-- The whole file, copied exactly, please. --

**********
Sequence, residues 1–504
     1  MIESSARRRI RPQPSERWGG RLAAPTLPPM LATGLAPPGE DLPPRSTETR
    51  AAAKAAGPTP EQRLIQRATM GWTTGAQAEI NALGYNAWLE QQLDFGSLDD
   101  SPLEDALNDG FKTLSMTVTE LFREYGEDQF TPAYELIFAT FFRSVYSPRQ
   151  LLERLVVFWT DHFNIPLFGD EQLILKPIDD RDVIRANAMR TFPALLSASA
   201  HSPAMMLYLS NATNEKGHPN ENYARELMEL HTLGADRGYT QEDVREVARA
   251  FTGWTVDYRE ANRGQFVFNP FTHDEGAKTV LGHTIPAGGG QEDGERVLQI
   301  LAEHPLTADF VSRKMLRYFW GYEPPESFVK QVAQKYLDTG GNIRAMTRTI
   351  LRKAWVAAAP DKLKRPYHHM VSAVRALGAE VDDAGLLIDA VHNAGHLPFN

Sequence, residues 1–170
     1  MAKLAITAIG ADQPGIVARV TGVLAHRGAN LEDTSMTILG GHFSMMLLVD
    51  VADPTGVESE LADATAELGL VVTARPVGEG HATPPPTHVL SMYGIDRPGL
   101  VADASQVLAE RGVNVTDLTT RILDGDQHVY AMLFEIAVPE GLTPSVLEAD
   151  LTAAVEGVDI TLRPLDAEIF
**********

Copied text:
Sequence, residues 1–504
     1  MIESSARRRI RPQPSERWGG RLAAPTLPPM LATGLAPPGE DLPPRSTETR
    51  AAAKAAGPTP EQRLIQRATM GWTTGAQAEI NALGYNAWLE QQLDFGSLDD
   101  SPLEDALNDG FKTLSMTVTE LFREYGEDQF TPAYELIFAT FFRSVYSPRQ
   151  LLERLVVFWT DHFNIPLFGD EQLILKPIDD RDVIRANAMR TFPALLSASA
   201  HSPAMMLYLS NATNEKGHPN ENYARELMEL HTLGADRGYT QEDVREVARA
   251  FTGWTVDYRE ANRGQFVFNP FTHDEGAKTV LGHTIPAGGG QEDGERVLQI
   301  LAEHPLTADF VSRKMLRYFW GYEPPESFVK QVAQKYLDTG GNIRAMTRTI
   351  LRKAWVAAAP DKLKRPYHHM VSAVRALGAE VDDAGLLIDA VHNAGHLPFN

Sequence, residues 1–170
     1  MAKLAITAIG ADQPGIVARV TGVLAHRGAN LEDTSMTILG GHFSMMLLVD
    51  VADPTGVESE LADATAELGL VVTARPVGEG HATPPPTHVL SMYGIDRPGL
   101  VADASQVLAE RGVNVTDLTT RILDGDQHVY AMLFEIAVPE GLTPSVLEAD
   151  LTAAVEGVDI TLRPLDAEIF